In lieu of an abstract, here is a brief excerpt of the content:Philosophy of Music Education Review 12.2 (2004) 102-125 [Access article in PDF] Towards an Ecology of Music Education June Boyce-Tillman King Alfred's College, England Western culture has developed a concept of knowledge as divided into discrete categories, which are reflected in the disconnected subjects of our school curricula and the titles of our university faculties. However, music should be intimately bound up with the wider curriculum, particularly in (...) the areas of personal, social, cultural, moral, and spiritual education. From an examination of the values that are implicit in the musical traditions that dominate music education in Western culture, in this paper I will set out some pointers towards a more ecological understanding of music education, drawing on experiences I have had with music and music education in a variety of settings. I will examine how musicology has concentrated only on certain aspects of the musical experience, ignoring areas such as expressive character, value systems, and spirituality, which are the areas that link the musical experience to the fabric of life as lived beyond the confines of the classroom and academe. This paper seeks to re-establish a notion of connectedness both within the musical experience and also beyond it and through it to other areas of knowledge and understanding. For this I have adopted the term "ecology." To explicate this notion of ecology, I have developed a model which incorporates the values that are both usually associated with Western culture and are subjugated by it, drawing on the experience of music itself. [End Page 102] Ways of Knowing The first of these models deals with the social construction of knowledge. Stan Gooch defines two systems of thought embodied in various cultures in the world. He identifies the favored characteristics of one system (Type A) as activity leading to products; objectivity; impersonal logic; thinking and thought; detachment; and discrete categories of knowledge that are based on proof and scientific evidence. The other system (Type B) favors being; subjectivity; personal feeling; emotion; magic; involvement; associative ways of knowing; and belief and non-causal knowledge.1Gooch suggests that the Western world has chosen to value the first of these systems and neglect the other. This is done by a process of devaluation that can be carried out in various ways. In the Western media this devaluation can be manifested as public ridicule or by simply ignoring those events that reflect Type B values. Community-building activities based on associative ways of knowing and acknowledgement of people's feelings and sensibilities are not reported, while a considerable amount of space is given to the essentially dehumanizing practices of warfare and the dissociative practices of violence and crime. For example, reports and articles on holistic, associative approaches to health based on belief systems that defy rational explanation often end with throw-away comments like "If you believe that, then you will believe anything!" Public figures sometimes indulge in similar practices in their pronouncements by initiating policies to outlaw health practices that cannot be supported by scientific methodologies and appealing to the grounds of public safety. People who wish to embrace the values of Type B can easily be pathologized or criminalized as the dominant culture seeks to reinforce the validity of its Type A values. Academic, medical, psychological, and even sociological research concentrates on so-called objective methodologies associated with scientific ways of knowing and the use of numbers in some shape or form. Qualitative methodologies that collect people's stories are often regarded with suspicion because of the alleged subjectivity of the approach.So the values of Type B have become hidden or repressed by Western culture. I have therefore called the ways of knowing that characterize Type B "subjugated ways of knowing,"2 following the work of Michel Foucault and his notion of subjugated knowledges.3 This paper will concentrate on how the ideas of the subjugated ways of knowing can be used to understand where we are in music education, drawing on my experience in the UK. I shall look at ways of bringing the two ways of knowing-Type A and... (shrink)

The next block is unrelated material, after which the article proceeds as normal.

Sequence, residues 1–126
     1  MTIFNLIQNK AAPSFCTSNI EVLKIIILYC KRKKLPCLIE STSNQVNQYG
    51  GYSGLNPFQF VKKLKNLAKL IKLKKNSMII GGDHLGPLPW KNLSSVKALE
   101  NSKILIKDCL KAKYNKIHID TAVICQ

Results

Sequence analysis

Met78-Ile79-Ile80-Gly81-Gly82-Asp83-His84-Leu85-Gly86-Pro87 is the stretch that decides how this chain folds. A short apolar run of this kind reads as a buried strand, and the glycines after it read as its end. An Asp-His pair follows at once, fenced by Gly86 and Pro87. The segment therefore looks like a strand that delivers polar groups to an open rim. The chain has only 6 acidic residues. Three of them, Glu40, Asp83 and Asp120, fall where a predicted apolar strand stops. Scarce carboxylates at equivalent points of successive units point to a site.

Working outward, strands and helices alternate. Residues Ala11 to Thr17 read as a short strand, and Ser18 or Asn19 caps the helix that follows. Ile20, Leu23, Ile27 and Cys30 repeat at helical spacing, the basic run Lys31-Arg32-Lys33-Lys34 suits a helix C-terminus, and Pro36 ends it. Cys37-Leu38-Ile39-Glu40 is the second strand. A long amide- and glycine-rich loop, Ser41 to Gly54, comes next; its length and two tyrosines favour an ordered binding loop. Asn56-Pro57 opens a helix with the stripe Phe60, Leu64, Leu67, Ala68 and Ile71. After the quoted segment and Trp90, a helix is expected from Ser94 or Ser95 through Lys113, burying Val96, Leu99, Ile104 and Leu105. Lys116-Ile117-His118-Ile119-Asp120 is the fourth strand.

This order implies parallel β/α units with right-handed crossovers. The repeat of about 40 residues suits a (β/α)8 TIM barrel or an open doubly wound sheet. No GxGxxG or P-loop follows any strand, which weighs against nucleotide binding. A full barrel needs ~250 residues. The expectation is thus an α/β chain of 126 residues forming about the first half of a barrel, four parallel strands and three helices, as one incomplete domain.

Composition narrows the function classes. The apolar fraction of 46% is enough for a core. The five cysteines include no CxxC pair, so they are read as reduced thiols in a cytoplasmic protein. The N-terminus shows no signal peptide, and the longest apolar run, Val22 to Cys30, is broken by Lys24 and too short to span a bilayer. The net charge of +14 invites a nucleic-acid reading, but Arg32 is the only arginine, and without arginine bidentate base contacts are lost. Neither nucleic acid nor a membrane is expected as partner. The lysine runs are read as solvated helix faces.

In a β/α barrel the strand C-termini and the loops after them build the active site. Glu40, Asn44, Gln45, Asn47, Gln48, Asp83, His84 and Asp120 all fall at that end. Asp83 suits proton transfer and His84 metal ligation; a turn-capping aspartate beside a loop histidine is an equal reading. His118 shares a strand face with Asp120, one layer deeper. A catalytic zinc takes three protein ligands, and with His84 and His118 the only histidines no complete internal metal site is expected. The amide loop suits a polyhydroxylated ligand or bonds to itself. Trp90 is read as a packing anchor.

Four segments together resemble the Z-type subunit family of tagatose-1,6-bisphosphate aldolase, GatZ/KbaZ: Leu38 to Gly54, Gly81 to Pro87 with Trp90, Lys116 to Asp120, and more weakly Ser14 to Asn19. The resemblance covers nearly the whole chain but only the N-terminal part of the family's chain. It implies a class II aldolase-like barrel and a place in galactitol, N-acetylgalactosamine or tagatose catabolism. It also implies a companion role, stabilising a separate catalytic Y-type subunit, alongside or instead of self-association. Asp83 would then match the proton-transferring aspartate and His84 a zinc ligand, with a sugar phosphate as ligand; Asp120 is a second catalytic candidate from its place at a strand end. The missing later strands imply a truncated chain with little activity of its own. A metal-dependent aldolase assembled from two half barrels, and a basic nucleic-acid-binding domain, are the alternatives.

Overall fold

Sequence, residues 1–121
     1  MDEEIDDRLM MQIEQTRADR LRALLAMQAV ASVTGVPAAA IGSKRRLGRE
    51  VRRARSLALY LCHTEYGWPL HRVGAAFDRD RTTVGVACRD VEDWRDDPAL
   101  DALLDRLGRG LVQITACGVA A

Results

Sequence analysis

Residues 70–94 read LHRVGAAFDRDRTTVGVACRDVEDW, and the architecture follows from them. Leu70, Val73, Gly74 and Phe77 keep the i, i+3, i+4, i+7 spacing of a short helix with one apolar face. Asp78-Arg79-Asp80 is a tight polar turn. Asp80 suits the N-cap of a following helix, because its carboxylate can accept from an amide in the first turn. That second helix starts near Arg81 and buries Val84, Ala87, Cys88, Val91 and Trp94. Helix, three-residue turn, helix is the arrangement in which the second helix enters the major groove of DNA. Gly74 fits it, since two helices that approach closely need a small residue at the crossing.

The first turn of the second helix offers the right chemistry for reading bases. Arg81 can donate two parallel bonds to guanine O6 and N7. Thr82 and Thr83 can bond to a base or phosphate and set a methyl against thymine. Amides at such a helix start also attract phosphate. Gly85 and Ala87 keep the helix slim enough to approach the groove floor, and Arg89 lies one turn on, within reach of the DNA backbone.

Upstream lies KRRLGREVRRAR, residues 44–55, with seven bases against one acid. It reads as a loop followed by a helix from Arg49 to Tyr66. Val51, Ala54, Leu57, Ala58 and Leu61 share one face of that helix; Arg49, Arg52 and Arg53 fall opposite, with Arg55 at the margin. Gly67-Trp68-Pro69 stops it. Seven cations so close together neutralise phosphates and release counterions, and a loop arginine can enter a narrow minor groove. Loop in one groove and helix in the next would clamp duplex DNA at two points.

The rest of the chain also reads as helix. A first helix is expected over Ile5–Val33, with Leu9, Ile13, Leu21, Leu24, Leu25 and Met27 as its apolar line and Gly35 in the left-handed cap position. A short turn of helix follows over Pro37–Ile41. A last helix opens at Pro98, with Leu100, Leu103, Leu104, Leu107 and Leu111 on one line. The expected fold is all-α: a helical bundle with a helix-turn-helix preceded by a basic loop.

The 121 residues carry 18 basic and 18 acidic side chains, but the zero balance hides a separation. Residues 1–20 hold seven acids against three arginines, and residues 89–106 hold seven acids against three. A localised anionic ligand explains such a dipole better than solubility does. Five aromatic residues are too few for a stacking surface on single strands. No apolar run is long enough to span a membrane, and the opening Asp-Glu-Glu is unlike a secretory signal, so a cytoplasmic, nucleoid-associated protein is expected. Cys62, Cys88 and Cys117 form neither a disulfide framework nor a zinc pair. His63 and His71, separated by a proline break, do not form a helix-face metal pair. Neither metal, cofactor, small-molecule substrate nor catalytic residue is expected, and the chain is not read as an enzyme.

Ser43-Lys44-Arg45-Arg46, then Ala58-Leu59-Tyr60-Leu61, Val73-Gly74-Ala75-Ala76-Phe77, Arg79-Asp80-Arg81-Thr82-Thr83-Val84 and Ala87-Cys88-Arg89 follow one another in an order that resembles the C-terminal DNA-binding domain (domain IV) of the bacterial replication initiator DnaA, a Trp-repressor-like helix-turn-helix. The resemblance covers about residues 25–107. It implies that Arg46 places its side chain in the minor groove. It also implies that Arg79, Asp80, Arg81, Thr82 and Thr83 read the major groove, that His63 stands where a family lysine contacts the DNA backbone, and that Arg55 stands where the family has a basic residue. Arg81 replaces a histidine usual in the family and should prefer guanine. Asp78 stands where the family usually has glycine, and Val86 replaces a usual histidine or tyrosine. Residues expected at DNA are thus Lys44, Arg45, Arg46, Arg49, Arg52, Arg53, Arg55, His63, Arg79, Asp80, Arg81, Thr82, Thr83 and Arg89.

Maximizing act consequentialism holds that actions are morally permissible if and only if they maximize the value of consequences—if and only if, that is, no alternative action in the given choice situation has more valuable consequences.[i] It is subject to two main objections. One is that it fails to recognize that morality imposes certain constraints on how we may promote value. Maximizing act consequentialism fails to recognize, I shall argue, that the ends do not always justify the means. Actions with (...) maximally valuable consequences are not always permissible. The second main objection to maximizing act consequentialism is that it mistakenly holds that morality requires us to maximize value. Morality, I shall argue, only requires that we satisfice (promote sufficiently) value, and thus leaves us a greater range of options than maximizing act consequentialism recognizes. (shrink)